Tackling a problematic culture must be the Australian Olympic Committee president’s top priority following this weekend’s presidential election, according to a Deakin University sport governance researcher.
Deakin Business School’s Dr Geoff Schoenberg researches sport governance and said the situation that has unfolded with the AOC was avoidable and must be rectified.
“The spotlight has been turned on the AOC for all the wrong reasons, with news reports illustrating serious issues within the organisation,” Dr Schoenberg said.
“With the president now elected, governance changes are needed to address the organisational culture and ensure the organisation does not end up right back where it is now, with a damaged reputation and its dirty laundry very publicly aired.”
Dr Schoenberg said the situation within the AOC should be a wake-up call for all organisations as to how things can go wrong if good governance practices are not in place.
“Any organisation that does not take a temperature check of its culture and governance could easily end up where the AOC is right now,” he said.
“Good governance could have helped the AOC avoid the public controversy and can assist the organisation in avoiding future issues.”
Dr Schoenberg’s most recent research has highlighted a range of elements that are needed for good governance from the structure and composition of boards to group dynamics.
“What my research has shown is that, ultimately, good governance requires positive group dynamics that create an open climate encouraging of new ideas and constructive conflict. Sport governance has traditionally been the domain of white, able-bodied men, which can limit opportunities for a diverse range of perspectives that can lead to better organisational outcomes,” he said.
Dr Schoenberg said that at the end of the day a board is put in place to fulfil a range of tasks from overseeing management, setting the strategic agenda and financial responsibilities.
“Ultimately, the board is instrumental in organisational culture. The way the board conducts itself, the internal and external issues it prioritises and the relationships between the board and staff members all highlight what is accepted and will filter down to the rest of the organisation,” he said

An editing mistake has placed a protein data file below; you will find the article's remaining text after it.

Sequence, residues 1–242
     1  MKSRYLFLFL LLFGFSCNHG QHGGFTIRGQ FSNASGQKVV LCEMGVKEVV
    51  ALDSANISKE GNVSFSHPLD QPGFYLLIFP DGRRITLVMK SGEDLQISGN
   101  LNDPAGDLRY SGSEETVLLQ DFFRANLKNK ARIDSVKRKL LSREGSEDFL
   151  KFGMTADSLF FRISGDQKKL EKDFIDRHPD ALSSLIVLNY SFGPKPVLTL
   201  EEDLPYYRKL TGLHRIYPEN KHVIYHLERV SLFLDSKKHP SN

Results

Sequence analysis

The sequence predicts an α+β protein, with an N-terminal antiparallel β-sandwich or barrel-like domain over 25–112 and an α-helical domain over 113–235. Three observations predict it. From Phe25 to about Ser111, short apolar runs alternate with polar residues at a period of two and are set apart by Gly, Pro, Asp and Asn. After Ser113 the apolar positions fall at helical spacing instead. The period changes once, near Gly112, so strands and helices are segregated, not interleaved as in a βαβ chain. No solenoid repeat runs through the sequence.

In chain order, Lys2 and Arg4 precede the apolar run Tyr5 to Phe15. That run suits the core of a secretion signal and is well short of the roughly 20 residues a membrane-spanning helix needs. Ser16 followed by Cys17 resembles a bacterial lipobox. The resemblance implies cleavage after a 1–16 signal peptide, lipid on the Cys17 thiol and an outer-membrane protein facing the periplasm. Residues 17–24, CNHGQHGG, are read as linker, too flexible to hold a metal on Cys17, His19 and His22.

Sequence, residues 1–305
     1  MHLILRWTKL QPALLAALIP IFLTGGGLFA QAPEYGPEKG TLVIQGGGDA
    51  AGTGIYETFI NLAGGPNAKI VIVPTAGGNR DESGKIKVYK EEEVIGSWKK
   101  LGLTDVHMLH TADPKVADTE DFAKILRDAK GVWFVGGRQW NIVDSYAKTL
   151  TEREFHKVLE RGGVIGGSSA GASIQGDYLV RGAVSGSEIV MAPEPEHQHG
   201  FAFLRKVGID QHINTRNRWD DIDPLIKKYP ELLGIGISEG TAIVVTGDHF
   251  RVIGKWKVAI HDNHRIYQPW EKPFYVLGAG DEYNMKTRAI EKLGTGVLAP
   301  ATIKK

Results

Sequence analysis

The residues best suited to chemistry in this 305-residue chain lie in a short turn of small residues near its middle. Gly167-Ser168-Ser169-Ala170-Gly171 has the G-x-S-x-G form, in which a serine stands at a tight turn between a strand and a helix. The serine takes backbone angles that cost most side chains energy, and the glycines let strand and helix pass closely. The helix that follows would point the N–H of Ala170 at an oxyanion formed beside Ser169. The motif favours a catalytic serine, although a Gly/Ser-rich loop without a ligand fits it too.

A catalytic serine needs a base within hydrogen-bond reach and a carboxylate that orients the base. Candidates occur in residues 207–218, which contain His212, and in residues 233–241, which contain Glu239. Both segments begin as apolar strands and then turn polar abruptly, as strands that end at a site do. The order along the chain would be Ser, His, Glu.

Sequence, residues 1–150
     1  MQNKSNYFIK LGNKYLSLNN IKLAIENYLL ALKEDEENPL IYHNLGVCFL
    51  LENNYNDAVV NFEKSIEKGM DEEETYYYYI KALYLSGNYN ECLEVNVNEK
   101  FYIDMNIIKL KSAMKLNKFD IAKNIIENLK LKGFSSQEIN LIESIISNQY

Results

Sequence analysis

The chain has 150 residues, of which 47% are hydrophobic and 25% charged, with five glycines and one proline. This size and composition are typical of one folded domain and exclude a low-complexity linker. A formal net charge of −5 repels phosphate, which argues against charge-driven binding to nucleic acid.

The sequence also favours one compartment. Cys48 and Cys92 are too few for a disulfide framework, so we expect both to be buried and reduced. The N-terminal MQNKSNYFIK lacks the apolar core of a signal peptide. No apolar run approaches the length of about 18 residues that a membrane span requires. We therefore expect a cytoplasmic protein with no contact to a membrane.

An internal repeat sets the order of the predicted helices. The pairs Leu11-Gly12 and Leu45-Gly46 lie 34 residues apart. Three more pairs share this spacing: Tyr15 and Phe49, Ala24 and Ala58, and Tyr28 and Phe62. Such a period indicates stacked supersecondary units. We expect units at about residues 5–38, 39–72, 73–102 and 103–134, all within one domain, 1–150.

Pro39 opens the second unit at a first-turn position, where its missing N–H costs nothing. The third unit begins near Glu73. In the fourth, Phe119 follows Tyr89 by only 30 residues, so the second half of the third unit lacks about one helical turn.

“The election can act as a starting point for creating the change needed to put the focus of the AOC and media back on Australian athletes and the Olympic movement.”
Based on his research, Dr Schoenberg outlines the following elements of good governance that would help ensure boards are focussed on what is best for the organisation and not individual priorities.
“Term limits ensure that no one person is irreplaceable and bring in new perspectives and ideas. Term limits also reduce the likelihood of the individual power plays we have seen with the AOC.”
“A diverse board helps with problem solving by drawing on a diversity of viewpoints and backgrounds. In sports organisations, good boards are made up of more than sports people, they include people with expertise in the likes of marketing, law and accounting and are diverse in gender, age, ability and cultural backgrounds. However, simply having a diverse board isn’t enough, members need to be empowered both formally (ie. through board structures) and informally (ie. through group dynamics) to contribute their thoughts and viewpoints.”
“Power patterns within a board need to be considered. The governance of the AOC provides an example of what can happen when a board is dominated by one person. While this can bring efficiency it also negates the original purpose of a board to provide advice, direction and oversight. Furthermore, when power is shared among all board members there is naturally a better set of checks and balances to ensure that all board members are operating in the organisation’s best interest. Sharing power also reduces the risk of the ‘hit by a bus’ problem that happens when the important decisions and information are concentrated in one person. “
“Boardroom climate sets out ‘the way things are done’ with good governance requiring that board members and related parties can speak openly regarding issues or new ideas and not fear reprisal or marginalisation. Based on the news reports, this level of psychological safety was clearly not encouraged at the AOC. Had it been, the matters that have been made public may have been able to be handled in-house.”
“Conflict is not always bad. Good governance promotes constructive conflict around tasks during board meetings. This type of conflict ensures new ideas and ingrained practices are thoroughly considered from a range of perspectives. I imagine the special meeting of the AOC board held last week would have included some level of conflict as the board had to make decisions on how to handle the emerging issues.”
Originally published on Deakin Media.